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Malignant hyperthermia: A case study

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YOU'RE CARING FOR Don McMann, 42, in the postanesthesia care unit (PACU) when you notice muscle rigidity and see that he's becoming tachypneic and tachycardic. His blood pressure is 154/90 and his temperature, which was 98° F (37° C) preoperatively and 100° F (38° C) at PACU admission, has jumped to 104° F (40° C).

Mr. McMann underwent arthroscopic repair of a torn anterior cruciate ligament and arrived in the PACU about 5 minutes ago. He has no significant medical or surgical history. Reviewing his medical record, you see he received isoflurane for general anesthesia. He's receiving supplemental oxygen by nasal cannula.

Mr. McMann's signs and symptoms make you suspect malignant hyperthermia (MH), a rare but potentially deadly disorder that can be triggered by certain anesthetics (isoflurane, halothane, enflurane, sevoflurane, and desflurane) and the skeletal muscle relaxant succinylcholine. Other signs and symptoms of MH include generalized erythematous flush followed by mottled skin and cyanosis, increased end-tidal carbon dioxide production, myoglobinuria, elevated serum creatine kinase, and hyperkalemia.

An inherited hypermetabolic syndrome, MH, once triggered, causes sustained skeletal muscle contraction that can lead to severe hyperthermia, left ventricular failure, brain damage, organ failure, disseminated intravascular coagulation, cardiac arrest, and death.

Recognizing symptoms early and discontinuing anesthesia promptly are imperative. Goals of treatment are to decrease metabolism, reverse metabolic and respiratory acidosis, correct dysrhythmias, decrease body temperature, provide oxygen and nutrition to tissues, and correct electrolyte imbalance.

Early diagnosis and treatment of MH are crucial. Administer 100% oxygen via non-rebreather mask and stay with the patient to continue assessing his cardiac rhythm and vital signs. Notify the anesthesia provider and call for the MH cart.

Make sure Mr. McMann's intravenous (I.V.) line is patent, remove the sheets and blankets covering him, and lower the room temperature. Other measures to reduce core body temperature include administering chilled 0.9% sodium chloride solution I.V.; placing ice packs at his groin, axillae, and neck; and applying a temperature-regulating blanket. Monitor his core body temperature. To prevent hypothermia, discontinue cooling measures when his temperature reaches 100° F.

The anesthesia provider arrives and orders I.V. dantrolene, a direct-acting skeletal muscle relaxant and the drug of choice for treating MH. Reconstitute the dantrolene as directed. Administer an initial dose of 2.5 mg/kg by rapid I.V. push. Repeat this dose, up to a maximum of 10 mg/kg, until signs and symptoms of MH resolve. Monitor Mr. McMann closely for respiratory depression.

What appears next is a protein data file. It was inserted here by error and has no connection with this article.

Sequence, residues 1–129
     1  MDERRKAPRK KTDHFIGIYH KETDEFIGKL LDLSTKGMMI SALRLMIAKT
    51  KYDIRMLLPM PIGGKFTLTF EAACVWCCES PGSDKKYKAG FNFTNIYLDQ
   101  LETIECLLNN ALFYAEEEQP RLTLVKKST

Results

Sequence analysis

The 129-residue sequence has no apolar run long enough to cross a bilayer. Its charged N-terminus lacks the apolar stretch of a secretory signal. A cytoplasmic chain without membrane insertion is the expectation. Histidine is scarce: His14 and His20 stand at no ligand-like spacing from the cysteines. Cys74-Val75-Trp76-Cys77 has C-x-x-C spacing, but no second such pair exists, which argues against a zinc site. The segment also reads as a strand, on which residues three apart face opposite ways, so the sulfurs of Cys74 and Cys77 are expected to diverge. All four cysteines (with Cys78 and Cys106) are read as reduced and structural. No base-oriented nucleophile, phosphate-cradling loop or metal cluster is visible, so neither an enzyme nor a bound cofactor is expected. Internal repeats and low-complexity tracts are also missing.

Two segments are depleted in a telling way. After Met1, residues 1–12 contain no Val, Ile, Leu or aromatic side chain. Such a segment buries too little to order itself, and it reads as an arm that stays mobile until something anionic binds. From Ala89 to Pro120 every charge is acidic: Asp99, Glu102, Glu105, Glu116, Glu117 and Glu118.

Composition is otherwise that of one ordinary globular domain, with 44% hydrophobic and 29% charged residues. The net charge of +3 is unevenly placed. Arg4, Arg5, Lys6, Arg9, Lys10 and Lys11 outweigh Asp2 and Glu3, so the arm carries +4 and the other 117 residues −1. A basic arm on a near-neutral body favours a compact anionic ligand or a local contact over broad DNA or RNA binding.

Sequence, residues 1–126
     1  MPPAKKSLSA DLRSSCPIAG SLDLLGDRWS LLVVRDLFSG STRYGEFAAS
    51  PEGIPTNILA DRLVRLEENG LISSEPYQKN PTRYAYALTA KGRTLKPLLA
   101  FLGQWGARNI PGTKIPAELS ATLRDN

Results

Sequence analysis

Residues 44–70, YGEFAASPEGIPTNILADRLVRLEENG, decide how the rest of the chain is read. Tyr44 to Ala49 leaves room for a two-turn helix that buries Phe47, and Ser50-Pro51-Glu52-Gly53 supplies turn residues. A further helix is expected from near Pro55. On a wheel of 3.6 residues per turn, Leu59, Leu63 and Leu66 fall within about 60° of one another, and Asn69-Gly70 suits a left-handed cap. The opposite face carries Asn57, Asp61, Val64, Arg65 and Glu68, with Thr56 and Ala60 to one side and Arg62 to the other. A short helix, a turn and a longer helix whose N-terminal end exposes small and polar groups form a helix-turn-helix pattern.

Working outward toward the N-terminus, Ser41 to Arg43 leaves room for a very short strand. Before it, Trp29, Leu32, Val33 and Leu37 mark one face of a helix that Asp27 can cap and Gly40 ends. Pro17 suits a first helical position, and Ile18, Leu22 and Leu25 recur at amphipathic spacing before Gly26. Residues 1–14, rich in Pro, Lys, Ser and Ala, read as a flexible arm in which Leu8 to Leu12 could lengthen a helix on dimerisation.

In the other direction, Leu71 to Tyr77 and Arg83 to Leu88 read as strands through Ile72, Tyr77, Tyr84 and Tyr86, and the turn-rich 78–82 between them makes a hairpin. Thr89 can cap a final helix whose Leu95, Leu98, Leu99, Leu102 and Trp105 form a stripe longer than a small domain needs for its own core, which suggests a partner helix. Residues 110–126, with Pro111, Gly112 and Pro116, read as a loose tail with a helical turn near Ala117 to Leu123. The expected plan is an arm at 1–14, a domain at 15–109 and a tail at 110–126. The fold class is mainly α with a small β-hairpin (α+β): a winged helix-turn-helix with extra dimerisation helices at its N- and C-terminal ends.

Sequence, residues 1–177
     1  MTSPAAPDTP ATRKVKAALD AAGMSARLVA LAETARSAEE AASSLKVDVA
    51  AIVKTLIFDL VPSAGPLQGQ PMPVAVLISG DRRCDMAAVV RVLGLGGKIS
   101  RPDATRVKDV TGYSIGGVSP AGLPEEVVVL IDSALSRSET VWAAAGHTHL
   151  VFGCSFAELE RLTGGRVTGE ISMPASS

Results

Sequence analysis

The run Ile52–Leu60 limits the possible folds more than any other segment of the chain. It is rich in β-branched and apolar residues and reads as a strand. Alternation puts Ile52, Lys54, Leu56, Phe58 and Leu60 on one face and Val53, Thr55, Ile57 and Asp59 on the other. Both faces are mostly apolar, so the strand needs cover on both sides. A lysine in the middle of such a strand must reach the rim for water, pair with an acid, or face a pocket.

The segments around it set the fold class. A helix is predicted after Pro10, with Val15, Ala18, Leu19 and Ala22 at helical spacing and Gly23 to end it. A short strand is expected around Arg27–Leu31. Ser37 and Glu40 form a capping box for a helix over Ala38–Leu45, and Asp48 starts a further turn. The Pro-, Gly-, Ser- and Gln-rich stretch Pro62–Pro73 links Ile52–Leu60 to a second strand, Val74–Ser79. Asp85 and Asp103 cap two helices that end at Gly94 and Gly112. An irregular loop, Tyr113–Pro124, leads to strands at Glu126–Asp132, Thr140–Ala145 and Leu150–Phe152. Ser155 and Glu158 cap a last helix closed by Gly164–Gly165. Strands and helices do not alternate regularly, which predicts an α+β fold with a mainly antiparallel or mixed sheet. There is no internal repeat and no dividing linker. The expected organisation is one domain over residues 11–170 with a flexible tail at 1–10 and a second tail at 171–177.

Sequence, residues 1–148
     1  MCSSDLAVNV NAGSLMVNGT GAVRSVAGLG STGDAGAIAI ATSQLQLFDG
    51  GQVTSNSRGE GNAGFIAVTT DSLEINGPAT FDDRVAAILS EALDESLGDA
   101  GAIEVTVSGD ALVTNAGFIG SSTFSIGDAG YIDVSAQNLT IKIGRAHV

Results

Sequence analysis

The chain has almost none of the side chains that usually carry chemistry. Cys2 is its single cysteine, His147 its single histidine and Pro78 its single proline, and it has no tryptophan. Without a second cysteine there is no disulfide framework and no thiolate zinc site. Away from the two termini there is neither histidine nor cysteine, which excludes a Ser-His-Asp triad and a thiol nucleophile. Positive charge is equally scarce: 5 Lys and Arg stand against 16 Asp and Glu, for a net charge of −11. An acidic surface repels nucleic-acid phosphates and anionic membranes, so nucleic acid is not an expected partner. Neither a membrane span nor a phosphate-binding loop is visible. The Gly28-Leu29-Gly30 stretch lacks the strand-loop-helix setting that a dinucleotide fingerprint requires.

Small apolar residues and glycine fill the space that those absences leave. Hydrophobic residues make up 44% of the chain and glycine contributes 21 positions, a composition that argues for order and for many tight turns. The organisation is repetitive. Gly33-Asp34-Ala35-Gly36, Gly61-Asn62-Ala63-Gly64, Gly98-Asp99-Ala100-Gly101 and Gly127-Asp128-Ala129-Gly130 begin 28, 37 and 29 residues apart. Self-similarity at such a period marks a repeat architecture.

Your colleague inserts an indwelling urinary catheter to monitor for urine output and signs of myoglobinuria, such as brown urine. Obtain blood samples for testing, including arterial blood gas analysis. Monitor for elevated potassium, calcium, magnesium, and creatine kinase levels and assess for signs of respiratory or metabolic acidosis. If necessary, give sodium bicarbonate to correct metabolic acidosis and I.V. glucose and regular insulin to treat hyperkalemia.

If Mr. McMann develops cardiac arrhythmias, treat them according to advanced cardiac life support guidelines. However, don't give calcium channel blockers, which may interact with dantrolene and cause severe hyperkalemia, ventricular fibrillation, and cardiac arrest.

Once Mr. McMann is stabilized, he's transferred to the intensive care unit. He'll receive 1 mg/kg of I.V. dantrolene every 4 to 6 hours for 24 to 48 hours to prevent MH recurrence. He'll also be closely monitored for complications such as renal failure and disseminated intravascular coagulation.

Before discharge, teach Mr. McMann about MH and refer him to the Malignant Hyperthermia Association of the United States for more information (1-800-644-9737 or http://www.mhaus.org). Encourage him to wear a medical-alert bracelet and to let his healthcare providers know about his MH episode.

Adapted from Malignant hyperthermia, Nursing2005, H Carter-Templeton, 35(6):88, June 2005.

REFERENCE

1. Graling P, Tea C. Intraoperative Nursing Management. In: Smeltzer SC, Bare B, eds. Brunner & Suddarth's Textbook of Medical-Surgical Nursing. 10th ed. Philadelphia, Pa., Lippincott Williams & Wilkins, 2004.
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